Today the snow lay deep on the ground, coating roofs and gardens in thick slabs of white. In this little corner of Connecticut the snow was likely to linger for many weeks. Some people embraced it. Grace wasn’t one of them. By March, winter felt like a guest who had outstayed her welcome. She longed for sunshine and summer dresses, bare legs and iced drinks.

She was still dreaming of summer when the phone rang. It was David.

“Hi, Gracie.” That voice of his still made her insides melt.

Deep and gravelly, but smooth enough to soothe life’s hurts. “Hi, handsome. You had an early start today.”

And you left your breakfast plate on top of the dishwasher.

“Things are busy at work.”

David was editor of the local newspaper, the Woodbrook Post, and had been kept busy lately thanks to the astonishing success of the girls’ tennis team, the formation of a county children’s choir and a robbery at the local gas station during which the only things stolen were a box of doughnuts and a bottle of rum. By the time the local police had located the man responsible, the evidence had been consumed.

Whenever Grace read the paper it reminded her of all the reasons she lived in this quaint town with a population of only 2,498.

Unlike other journalists, whose sights might have been set on bigger targets, David had never shown a desire to work anywhere but this small town they’d both fallen in love with.

The way he saw it, he was the voice of the community. He was obsessed with the news, but he also believed that it was what happened right here in their hometown that mattered to people. He often joked that all he needed to fill the entire newspaper was to spend an afternoon at a backyard barbecue listening to the gossip. He was friends with the police chief and the fire chief, which ensured that he was given all the major scoops.

Of course in Woodbrook, a place most people had never heard of, there were more scoops in the ice cream parlor than there were in the local community, and that suited Grace.

“Happy Valentine’s and happy anniversary.” She slowed as she approached an intersection. “I’m already looking forward to dinner tonight.”

“Shall I book somewhere?”

Only a man would think it possible to get a table on Valentine’s Day without forward planning. “Already done, honey.”

“Right. I should be home early. I’ll fix something for Sophie to eat so you don’t have to bother.”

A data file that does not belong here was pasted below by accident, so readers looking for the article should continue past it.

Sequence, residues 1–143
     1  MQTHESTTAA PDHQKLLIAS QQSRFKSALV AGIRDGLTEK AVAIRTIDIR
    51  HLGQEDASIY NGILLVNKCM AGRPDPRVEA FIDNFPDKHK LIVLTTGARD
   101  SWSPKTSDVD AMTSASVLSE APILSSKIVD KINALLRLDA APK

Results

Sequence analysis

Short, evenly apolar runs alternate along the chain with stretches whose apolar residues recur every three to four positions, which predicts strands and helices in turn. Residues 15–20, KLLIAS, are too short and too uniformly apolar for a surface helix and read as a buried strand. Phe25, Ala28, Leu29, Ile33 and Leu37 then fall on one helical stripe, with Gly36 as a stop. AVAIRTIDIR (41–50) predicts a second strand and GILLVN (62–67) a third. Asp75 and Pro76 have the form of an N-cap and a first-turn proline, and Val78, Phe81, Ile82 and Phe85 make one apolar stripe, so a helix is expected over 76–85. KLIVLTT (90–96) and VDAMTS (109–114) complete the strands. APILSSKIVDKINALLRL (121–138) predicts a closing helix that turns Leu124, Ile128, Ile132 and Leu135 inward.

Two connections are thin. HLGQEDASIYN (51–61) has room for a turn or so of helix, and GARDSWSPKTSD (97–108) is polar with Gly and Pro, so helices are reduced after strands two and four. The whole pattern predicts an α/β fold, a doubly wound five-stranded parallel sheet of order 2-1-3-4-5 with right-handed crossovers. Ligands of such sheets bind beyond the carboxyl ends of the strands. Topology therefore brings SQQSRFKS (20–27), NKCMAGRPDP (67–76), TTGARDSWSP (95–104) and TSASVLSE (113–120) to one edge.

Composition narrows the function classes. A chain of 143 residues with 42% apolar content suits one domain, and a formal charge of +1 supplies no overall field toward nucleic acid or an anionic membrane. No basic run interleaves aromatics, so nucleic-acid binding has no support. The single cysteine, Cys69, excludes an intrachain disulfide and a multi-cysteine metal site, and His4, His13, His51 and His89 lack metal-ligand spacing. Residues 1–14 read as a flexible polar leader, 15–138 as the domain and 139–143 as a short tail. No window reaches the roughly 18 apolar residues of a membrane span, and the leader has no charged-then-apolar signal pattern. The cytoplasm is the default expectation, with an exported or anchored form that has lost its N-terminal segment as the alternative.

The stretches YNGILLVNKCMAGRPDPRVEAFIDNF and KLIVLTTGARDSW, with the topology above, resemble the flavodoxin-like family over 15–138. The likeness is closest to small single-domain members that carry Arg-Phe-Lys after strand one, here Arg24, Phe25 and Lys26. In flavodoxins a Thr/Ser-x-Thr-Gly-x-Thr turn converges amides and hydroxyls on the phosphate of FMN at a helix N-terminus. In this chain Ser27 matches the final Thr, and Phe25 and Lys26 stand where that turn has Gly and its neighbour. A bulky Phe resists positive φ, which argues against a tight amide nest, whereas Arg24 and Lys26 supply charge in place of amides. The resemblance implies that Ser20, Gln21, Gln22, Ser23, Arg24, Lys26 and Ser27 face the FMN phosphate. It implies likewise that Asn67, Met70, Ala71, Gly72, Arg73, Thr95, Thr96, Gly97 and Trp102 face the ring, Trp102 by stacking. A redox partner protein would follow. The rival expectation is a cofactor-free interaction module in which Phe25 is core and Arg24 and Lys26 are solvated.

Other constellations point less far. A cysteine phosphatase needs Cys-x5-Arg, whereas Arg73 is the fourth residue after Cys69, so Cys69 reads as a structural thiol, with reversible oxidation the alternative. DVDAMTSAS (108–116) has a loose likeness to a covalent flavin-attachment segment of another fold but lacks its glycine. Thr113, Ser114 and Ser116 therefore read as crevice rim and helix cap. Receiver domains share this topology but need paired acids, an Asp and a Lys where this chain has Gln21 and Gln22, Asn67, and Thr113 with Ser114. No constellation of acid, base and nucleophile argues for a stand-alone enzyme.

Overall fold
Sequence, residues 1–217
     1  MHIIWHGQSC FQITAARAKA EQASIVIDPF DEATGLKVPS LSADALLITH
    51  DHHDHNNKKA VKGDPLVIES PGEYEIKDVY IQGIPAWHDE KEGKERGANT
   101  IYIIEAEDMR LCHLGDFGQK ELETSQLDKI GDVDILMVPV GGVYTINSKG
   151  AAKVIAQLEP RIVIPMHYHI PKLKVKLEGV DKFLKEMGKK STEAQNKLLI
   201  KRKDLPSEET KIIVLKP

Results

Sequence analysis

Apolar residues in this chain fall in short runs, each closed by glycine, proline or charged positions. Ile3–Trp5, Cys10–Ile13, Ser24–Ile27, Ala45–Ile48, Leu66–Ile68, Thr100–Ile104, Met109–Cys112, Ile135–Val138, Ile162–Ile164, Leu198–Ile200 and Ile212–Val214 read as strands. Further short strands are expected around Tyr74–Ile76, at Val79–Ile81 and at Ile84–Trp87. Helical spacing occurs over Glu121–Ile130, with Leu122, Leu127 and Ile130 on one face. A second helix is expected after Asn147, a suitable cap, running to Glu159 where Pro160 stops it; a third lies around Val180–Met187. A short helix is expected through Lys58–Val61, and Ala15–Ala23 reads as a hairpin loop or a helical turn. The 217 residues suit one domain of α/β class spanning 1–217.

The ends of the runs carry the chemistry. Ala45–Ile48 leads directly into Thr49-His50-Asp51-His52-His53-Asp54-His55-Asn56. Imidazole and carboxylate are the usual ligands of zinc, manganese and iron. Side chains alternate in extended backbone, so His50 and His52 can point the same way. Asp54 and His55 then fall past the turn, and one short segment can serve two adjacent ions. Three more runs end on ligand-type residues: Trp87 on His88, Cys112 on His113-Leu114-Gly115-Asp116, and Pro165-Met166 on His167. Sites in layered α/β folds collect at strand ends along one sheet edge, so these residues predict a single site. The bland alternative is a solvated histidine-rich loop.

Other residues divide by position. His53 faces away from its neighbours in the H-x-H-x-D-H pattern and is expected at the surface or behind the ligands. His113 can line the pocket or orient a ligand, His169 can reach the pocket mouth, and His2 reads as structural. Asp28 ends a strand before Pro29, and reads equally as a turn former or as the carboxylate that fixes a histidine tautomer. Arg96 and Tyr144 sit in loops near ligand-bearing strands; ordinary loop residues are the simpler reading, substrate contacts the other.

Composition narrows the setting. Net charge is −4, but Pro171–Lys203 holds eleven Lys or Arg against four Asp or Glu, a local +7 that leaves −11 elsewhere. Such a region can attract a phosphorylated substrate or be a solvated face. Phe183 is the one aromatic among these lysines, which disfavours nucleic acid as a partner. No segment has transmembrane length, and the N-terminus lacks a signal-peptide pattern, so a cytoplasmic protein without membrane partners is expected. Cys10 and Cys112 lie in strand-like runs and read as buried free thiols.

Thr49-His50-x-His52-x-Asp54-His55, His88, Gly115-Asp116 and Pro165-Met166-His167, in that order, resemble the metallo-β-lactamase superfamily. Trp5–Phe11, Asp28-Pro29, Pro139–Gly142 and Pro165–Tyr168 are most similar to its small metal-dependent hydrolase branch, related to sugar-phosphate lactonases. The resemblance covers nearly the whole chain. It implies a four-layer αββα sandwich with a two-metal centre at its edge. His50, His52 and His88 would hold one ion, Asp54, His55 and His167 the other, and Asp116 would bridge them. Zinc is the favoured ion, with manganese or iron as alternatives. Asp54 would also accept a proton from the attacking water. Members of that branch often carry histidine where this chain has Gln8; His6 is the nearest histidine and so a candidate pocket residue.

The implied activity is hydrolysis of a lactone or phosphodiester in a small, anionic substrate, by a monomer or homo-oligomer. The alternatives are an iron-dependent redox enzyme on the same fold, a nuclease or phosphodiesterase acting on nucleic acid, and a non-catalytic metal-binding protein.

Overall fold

“I’ve handled that. The fridge is full of food. You can relax.” There was a pause. “You’re superwoman, Grace.”

She glowed. “I love you.”

Her family was the most important thing in the world to her. “I’ll drop by the store and pick out something for Stephen’s birthday on my way home. He says he doesn’t want a fuss, but I feel we should buy him something, don’t you?”

“I do—which is why I bought him a gift when I was shopping last week.” Grace waited for a gap in the traffic and turned into the school. “You’ll find it under the bed in the spare room.”

“You’ve already bought something?”

“I didn’t want you having to think about it. Remember that great photo of Stephen with Beth and the kids?”

“The one I took at the Summer Fair?”

She pulled into a space and undid her seat belt. “I had a print made and bought a frame. It looks great.”

“That’s…thoughtful…”

“I’ve wrapped it. All you have to do is sign your name.” She reached across and gathered her coat and bag. “I’m at school, so I’ll call you later. You sound tired. Are you tired?”

“A little.”

She paused with one leg out of the car. “You’ve been working long hours lately. You need to slow down. There’s nothing for you to do at home, so maybe you should lie down and rest before we go out.”

“I’m not geriatric, Grace.”

There was a sharpness to his tone that was unusual. “I was trying to spoil you, that’s all.”

“Sorry.” The sharpness vanished. “Didn’t mean to snap. There’s been a lot going on lately. I’ll call a cab for tonight, so we can have a drink without worrying about driving.”

“Cab is already booked for seven.”

“Do you ever forget anything?”

“It’s all down to lists—you know that. If I lose my lists, my life is over.”